A 51-acre wooded lot in Brooklin, Maine, is in the first phase of being developed as a composting facility that will serve Blue Hill Peninsula residents, reports The Weekly Packet.
On Aug. 26, the Maine Department of Environmental Protection (MDEP) announced that Chickadee Compost was awarded a $40,000 Waste Diversion Grant. The grant funds projects that will divert waste from disposal by expanding composting and recycling opportunities across the state.
“Maine DEP is providing these grants to help businesses, institutions and municipalities address solid waste management challenges,” according to a MDEP press release. “Reducing the volume of materials we consume by reusing items, and recycling products and packaging can significantly reduce our environmental impacts and help to enhance sustainability, reduce greenhouse gas emissions and cut our overall costs.”
The Brooklin facility is one of seven Maine composting projects that will share $129,628 of a total $461,247 in funding during the first-round grant awards. DM&J Waste, Ellsworth, Maine, was awarded $34,450 through the grant program. The DEP will begin accepting a second round of grant proposals in October.
“The $40,000.00 grant award to Chickadee Compost will be used to site and develop a community-based compost operation, serving a year-round population of 12,282 residents from nine communities,” David Madore, director of communications, education and outreach/legislative liaison, said. “The operation should divert and process 22,000 pounds of food scraps during the first year of operations, and up to 330,000 pounds by year four.”
Katherine Tomkins, owner of Chickadee Compost, told The Weekly Packet, “For the past five years, I have been Director of Development for a nonprofit called SeaShare, based in the Seattle area, which sends millions of pounds of seafood to food banks across the country each year. Feeling the compounding urgency of the climate emergency, using my knowledge around food waste and its impact on the climate and, inspired by other companies in Maine and other parts of New England, I decided to pursue developing a community composting company for the Blue Hill peninsula.”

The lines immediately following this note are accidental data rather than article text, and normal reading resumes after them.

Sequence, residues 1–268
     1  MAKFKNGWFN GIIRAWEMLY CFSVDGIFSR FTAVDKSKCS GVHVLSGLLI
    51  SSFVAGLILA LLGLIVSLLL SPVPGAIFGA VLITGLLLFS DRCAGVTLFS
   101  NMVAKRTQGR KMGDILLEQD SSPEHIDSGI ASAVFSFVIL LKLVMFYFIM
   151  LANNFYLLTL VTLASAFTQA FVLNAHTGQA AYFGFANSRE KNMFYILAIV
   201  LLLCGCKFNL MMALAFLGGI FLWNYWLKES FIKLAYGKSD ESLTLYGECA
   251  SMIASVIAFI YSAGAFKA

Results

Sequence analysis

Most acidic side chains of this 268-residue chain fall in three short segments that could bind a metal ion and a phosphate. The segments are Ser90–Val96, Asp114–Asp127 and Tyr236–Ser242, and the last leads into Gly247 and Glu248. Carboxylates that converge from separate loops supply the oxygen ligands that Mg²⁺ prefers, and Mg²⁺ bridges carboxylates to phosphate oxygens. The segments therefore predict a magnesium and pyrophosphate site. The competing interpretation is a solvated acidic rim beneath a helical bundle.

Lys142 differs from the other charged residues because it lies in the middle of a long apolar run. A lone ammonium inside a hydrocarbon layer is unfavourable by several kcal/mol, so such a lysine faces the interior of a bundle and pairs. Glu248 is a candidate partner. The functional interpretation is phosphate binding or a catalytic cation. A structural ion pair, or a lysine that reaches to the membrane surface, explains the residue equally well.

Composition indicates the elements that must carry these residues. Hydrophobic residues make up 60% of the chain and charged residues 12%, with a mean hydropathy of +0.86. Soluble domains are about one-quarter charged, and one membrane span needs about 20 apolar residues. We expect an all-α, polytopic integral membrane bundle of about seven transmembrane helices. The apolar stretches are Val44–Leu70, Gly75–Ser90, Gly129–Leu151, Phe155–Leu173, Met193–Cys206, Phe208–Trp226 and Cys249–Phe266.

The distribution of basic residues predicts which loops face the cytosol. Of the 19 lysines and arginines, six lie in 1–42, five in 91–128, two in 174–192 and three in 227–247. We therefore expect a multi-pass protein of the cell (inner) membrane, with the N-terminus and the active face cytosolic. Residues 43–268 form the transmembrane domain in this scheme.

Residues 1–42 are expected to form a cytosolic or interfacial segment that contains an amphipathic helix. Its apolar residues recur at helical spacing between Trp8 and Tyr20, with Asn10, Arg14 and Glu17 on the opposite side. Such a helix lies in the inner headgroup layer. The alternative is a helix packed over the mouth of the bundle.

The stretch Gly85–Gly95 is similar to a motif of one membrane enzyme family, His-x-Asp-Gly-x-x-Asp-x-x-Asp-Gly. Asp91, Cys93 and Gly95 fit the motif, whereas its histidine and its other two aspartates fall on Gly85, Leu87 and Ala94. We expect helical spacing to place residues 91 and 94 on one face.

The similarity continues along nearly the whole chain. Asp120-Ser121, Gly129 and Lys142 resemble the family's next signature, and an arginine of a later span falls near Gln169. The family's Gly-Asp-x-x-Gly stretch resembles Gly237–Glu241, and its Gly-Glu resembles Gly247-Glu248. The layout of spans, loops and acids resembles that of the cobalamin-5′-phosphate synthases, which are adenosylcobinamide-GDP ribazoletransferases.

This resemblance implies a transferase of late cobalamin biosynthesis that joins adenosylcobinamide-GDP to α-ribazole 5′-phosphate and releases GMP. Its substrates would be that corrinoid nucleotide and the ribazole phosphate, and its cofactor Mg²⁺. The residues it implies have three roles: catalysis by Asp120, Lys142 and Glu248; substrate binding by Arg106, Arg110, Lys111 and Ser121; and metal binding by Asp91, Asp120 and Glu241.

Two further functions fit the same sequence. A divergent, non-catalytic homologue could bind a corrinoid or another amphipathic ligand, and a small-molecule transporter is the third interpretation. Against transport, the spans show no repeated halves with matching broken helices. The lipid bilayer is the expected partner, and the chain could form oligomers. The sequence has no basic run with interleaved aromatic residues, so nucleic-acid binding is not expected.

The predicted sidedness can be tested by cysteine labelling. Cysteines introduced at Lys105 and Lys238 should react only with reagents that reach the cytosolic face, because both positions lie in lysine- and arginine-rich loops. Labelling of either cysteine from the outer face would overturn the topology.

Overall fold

Last year, while keeping her “day job,” Tomkins began researching the need for a small community composting company in the area. In October 2019, she completed the week-long Maine Compost School course, which is a collaborative program operated by the University of Maine Cooperative Extension, the Maine Department of Agriculture, Conservation and Forestry, and the Maine Department of Environmental Protection.
“I am not actually composting yet,” said Tomkins. “We just closed on a large lot in Brooklin about a month ago, and will be using 2-3 acres for composting, while the remaining 48-49 acres will remain as forest. Our focus is on the Blue Hill peninsula—from Castine to Surry and down to Stonington, including the towns of Blue Hill, Brooklin, Brooksville, Deer Isle, and Penobscot.”
Initially, Tomkins will run the company alone. Once the composting is fully under way, she hopes to hire one or two additional employees. Chickadee Composting will employ a process known as windrow composting.
“The process of turned windrow composting requires an initial, immediate mixing, and then turning with a tractor or loader, at least weekly, at the start, with less turning as the windrow ages and then cures,” Tomkins said. “I will be starting with a mid-sized tractor, and that’s it. Larger commercial compost operators often use windrow turners to turn their piles, and while turners are highly efficient, they are also very expensive.”
Tomkins said she does not yet know the annual volume of composting the company may eventually achieve. At this point, she is working with the engineering team on site design and flow, The Weekly Packet reports.